Friction over family trip


#1

This year, my family is planning to visit my mother's parents for Christmas. This is all well and good, but there are problems.
We live in Philadelphia and they live in Tallahassee. In the past we visited them by driving from here to there all in one day. My older sister doesn't like this and now wants to either take two days driving each way or (preferably) fly.
My dad say that since it would cost so much money to fly, he wants to squeeze the value out of every penny and spend a few additional days in another southern city (He suggests New Orleans) because it really wouldn't cost a lot more to go to Tallahassee and another city than it would to got to just Tallahassee. (I should note that if we were visiting someone on his side of the family, he would be more likely to see the trip as well worth it and less likely to tack on the extra days.)
Whether we take the extra day driving or fly and go the the other city, the whole trip will take about a week. My younger sister doesn't want to spend a week away from home because that week happens to be the only week of her Christmas break that aligns with the Christmas breaks of her friends, whom she like to see.
My mom just wants to see her parents.
While I can understand where everyone is coming from, most of their concerns don't really apply to me. While I don't like doing the whole drive in one go, I can handle it. While I would like to see New Orleans, I really don't think that low marginal costs are an adequate reason to add it to the trip. While I would like to spend less time away from home and let my sister see her friends, I really can't think of a way to shorten the trip without upsetting my dad (who will be grumpy) or my older sister.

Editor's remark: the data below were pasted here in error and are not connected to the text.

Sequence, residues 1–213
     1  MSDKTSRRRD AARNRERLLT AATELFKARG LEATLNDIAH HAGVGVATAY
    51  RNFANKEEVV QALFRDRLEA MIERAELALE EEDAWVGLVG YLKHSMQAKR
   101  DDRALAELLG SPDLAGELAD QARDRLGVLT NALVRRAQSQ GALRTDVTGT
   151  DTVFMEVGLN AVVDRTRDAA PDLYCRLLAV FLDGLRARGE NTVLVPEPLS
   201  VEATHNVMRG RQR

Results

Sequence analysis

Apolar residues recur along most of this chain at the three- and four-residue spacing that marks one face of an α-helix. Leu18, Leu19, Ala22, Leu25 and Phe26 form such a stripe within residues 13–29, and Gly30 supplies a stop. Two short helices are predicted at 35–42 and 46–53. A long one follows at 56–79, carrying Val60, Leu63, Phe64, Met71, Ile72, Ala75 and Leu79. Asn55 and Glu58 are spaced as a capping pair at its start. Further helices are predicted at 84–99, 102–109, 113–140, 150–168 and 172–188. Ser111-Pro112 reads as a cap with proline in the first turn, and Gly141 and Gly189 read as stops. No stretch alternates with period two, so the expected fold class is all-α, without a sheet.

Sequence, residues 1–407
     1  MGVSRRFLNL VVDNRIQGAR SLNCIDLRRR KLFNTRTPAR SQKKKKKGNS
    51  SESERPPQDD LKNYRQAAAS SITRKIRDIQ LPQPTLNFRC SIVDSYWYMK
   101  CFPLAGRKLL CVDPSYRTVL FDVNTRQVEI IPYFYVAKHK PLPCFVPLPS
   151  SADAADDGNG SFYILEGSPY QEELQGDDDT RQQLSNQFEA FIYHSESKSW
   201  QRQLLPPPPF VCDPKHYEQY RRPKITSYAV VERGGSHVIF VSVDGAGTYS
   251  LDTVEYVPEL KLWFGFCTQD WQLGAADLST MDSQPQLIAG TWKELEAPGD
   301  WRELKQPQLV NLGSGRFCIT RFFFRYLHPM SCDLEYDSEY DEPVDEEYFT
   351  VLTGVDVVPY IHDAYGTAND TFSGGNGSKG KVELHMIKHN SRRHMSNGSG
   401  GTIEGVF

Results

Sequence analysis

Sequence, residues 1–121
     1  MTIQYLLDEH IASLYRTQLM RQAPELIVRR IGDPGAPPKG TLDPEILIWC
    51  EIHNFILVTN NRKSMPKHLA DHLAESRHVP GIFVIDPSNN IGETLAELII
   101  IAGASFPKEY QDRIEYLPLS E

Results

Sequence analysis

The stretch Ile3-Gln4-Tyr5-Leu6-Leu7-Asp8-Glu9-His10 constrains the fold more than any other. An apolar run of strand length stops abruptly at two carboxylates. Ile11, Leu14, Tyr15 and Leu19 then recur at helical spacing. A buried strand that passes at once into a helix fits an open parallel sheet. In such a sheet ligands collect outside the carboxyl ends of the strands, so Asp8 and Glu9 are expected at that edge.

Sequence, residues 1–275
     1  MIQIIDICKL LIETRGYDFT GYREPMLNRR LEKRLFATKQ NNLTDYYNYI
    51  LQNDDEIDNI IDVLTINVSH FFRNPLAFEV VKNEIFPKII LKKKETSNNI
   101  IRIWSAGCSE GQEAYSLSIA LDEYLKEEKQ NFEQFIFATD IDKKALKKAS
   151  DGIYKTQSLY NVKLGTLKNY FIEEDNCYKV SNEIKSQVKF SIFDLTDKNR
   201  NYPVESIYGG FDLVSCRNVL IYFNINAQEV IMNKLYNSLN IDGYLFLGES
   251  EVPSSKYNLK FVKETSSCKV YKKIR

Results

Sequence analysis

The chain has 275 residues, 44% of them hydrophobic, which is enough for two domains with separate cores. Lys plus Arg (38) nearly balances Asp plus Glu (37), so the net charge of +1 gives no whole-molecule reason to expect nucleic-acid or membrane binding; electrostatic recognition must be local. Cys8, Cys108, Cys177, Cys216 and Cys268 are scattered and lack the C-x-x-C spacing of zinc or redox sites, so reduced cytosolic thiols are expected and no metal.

I'm in a position of awkward neutrality and I can't really choose between any of the plans without ruining the trip for somebody. Anybody have suggestions?


#2

yes. let this one work itself (or fight itself out.)

whenever any of your family memebers complains about some aspect of the trip, you say, “the ONE negative thing i can see about this trip is how it affects you negatively.”